Today’s post comes from our 2015 Learn to Camp coordinator Katie Roberts.
Today’s post comes from Laura Sagermann, an NHE Leader at Bon Echo Provincial Park.
Continue reading Peregrine falcon chick rescued at Bon Echo Provincial Park
The summer student workforce is the life-blood of the Ontario Parks summer operating season. Our provincial parks simply could not operate without these student workers.
Continue reading Want to thank an Ontario Parks summer student? Here’s how!
2015 marks a special anniversary for long-time Lake Superior Provincial Park camper Gene Fleury.
2015 marks Neys’ 50th anniversary as a provincial park. Park staff and visitors will be celebrating during the 30th Annual Neys Nostalgia Days from August 7th-9th.
Continue reading Neys Provincial Park turns the big 5-0!
Jesse Parent has been going to Bon Echo Provincial Park every year for close to a decade. In fact, the well-known Kitchener musician is so taken by the beauty of Bon Echo, he’s written a song – a “love letter,” he calls it – which he performed at the park’s 50th anniversary celebration on July 21, 2015.
Continue reading 50 years of Bon Echo
Bert Edmundson and Eugene McIsaac had the same dream more than 50 years ago: to honor the fabled Canadian lumberjacks of yesteryear. Little did they know their dream would one day become a major Ontario Parks attraction!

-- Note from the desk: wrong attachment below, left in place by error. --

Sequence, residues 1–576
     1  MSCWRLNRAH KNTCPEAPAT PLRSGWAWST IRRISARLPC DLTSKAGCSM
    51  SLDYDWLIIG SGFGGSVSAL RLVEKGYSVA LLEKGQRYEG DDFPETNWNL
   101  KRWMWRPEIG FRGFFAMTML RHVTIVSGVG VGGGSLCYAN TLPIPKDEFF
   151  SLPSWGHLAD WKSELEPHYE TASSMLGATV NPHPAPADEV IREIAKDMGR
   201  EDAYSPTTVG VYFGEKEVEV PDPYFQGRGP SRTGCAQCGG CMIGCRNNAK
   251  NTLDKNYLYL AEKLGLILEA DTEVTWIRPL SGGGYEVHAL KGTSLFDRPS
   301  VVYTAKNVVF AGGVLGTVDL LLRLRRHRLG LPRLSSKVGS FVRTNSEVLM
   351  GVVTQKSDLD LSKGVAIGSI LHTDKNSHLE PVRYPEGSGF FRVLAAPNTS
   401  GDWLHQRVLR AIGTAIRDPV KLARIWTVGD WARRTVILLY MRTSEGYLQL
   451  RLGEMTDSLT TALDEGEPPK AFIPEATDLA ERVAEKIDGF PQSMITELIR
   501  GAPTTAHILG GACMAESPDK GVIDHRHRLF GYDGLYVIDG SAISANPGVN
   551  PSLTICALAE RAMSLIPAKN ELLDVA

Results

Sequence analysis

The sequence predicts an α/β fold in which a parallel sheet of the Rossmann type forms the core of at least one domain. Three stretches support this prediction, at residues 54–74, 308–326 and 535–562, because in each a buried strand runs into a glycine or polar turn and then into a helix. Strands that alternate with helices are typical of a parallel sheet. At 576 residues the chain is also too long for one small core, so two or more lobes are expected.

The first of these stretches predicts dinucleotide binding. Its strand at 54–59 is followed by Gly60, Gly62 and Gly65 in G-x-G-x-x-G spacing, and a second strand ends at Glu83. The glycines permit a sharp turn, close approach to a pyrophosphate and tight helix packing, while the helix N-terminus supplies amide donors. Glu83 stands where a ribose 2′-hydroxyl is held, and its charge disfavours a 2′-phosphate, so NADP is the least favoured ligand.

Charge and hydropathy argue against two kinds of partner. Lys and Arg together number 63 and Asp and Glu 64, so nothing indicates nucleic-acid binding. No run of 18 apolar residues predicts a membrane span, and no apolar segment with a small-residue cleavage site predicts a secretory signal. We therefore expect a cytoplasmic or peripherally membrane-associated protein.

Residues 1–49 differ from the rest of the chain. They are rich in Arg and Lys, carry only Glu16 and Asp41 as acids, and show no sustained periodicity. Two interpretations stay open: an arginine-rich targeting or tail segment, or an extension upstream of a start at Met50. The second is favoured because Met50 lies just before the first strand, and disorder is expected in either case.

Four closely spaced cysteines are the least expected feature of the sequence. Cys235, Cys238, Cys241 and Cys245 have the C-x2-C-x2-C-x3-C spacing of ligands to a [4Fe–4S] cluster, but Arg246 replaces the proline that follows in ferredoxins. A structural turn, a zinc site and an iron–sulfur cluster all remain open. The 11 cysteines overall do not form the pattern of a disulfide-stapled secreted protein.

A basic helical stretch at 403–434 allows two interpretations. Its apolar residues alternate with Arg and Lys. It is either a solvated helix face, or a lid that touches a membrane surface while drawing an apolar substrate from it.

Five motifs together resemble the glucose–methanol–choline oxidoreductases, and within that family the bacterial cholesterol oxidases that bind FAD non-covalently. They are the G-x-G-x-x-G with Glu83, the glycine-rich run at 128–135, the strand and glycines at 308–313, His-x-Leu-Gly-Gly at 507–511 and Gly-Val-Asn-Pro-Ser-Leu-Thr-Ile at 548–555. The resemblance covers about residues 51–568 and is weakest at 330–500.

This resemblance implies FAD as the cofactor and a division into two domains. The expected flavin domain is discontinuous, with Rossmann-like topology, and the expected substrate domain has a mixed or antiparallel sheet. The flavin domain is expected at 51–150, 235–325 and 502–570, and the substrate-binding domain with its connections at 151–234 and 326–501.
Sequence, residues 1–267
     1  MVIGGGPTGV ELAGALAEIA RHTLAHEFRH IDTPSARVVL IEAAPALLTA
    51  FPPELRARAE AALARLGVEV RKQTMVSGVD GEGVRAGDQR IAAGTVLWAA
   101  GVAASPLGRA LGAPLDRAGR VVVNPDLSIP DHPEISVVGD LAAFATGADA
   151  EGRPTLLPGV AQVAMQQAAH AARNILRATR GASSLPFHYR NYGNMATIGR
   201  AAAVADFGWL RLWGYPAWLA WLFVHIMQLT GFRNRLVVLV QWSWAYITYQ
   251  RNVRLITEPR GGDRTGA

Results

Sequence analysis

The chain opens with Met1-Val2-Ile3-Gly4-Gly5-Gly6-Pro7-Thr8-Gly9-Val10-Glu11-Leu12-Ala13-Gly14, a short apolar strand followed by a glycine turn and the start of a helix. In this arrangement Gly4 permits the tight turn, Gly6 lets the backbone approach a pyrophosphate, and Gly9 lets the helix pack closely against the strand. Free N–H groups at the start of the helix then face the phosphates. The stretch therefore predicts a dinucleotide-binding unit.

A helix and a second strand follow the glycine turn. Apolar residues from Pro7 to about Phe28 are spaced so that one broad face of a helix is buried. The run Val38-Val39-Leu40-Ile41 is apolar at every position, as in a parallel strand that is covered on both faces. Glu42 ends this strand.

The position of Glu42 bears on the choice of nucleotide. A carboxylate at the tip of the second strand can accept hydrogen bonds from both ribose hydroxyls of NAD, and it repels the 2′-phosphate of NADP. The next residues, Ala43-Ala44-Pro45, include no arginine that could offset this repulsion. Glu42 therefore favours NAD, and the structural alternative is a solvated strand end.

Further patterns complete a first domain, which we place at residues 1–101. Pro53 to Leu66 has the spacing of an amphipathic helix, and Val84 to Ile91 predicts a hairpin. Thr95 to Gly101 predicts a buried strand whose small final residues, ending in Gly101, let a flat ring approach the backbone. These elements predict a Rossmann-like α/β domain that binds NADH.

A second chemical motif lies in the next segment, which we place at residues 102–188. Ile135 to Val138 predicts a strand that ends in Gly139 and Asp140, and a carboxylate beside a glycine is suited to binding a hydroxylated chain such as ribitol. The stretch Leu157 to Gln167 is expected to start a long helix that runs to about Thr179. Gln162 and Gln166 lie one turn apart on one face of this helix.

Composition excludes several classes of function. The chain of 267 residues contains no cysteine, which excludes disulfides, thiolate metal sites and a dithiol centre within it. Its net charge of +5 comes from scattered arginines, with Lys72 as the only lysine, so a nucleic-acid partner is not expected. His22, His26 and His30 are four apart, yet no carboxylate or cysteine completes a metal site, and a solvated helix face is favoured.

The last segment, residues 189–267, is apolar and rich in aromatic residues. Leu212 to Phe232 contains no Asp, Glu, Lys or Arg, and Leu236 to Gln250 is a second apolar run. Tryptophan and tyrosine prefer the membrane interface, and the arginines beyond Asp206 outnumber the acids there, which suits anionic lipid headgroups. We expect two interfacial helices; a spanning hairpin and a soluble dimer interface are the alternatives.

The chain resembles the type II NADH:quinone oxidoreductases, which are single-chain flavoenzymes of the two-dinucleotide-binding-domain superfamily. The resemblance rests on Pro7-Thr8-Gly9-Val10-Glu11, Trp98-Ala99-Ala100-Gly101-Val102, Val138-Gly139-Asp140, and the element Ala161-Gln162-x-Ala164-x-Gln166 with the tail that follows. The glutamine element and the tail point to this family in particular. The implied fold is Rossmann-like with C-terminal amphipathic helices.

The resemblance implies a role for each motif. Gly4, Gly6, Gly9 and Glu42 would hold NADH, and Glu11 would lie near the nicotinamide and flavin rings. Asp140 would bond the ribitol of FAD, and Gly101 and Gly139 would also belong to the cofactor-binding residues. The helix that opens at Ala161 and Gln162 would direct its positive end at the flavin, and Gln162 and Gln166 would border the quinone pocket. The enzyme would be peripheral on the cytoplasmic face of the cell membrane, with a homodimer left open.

Continue reading Timber Tales: Marten River’s “Winter Camp”
We call it CAPP, although more formally the landscape is now known as Carden Alvar Provincial Park. It’s a new park, it’s big and it’s unique.
David Bree (Senior Natural Heritage Leader, Presqu’ile Provincial Park)
Why do Parks Matter? Unfortunately that is becoming an increasingly pertinent question in an age where screen time outweighs nature time on a regular basis.
Working in a park, I can answer that question in a number of ways. The most obvious perhaps is that parks provide protection for a great many habitats, which in turn provide space and resources for the animals and plants of the province to function in a normal fashion. This is in essence the definition of biodiversity, a whole bunch of things living and interconnecting in a complex web. This is a bit of a catch word these days, but maintaining a high biodiversity in our world has been shown to make for a more robust and healthy environment. And a healthy environment is integral to our survival – it supplies our air, our water and our food, just to name the most obvious and crucial elements of life. While to me this is a compelling and obvious argument, it has become sterile to many ears that have been bombarded by warnings of environmental doom and gloom all their lives. After a while people just don’t hear.